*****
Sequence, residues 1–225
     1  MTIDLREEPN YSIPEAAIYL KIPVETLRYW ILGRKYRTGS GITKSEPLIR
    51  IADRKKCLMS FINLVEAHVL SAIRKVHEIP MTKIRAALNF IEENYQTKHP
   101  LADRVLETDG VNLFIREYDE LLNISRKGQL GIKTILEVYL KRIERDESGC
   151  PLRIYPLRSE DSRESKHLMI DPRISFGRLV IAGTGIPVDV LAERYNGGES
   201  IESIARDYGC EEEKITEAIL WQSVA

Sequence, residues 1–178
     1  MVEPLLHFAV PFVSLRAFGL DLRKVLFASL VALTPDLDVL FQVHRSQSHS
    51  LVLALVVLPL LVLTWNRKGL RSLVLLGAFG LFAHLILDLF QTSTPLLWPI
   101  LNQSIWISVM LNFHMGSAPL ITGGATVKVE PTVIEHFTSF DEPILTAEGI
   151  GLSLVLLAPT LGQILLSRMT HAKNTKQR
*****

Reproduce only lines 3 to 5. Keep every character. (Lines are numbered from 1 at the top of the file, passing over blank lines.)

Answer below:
    51  IADRKKCLMS FINLVEAHVL SAIRKVHEIP MTKIRAALNF IEENYQTKHP
   101  LADRVLETDG VNLFIREYDE LLNISRKGQL GIKTILEVYL KRIERDESGC
   151  PLRIYPLRSE DSRESKHLMI DPRISFGRLV IAGTGIPVDV LAERYNGGES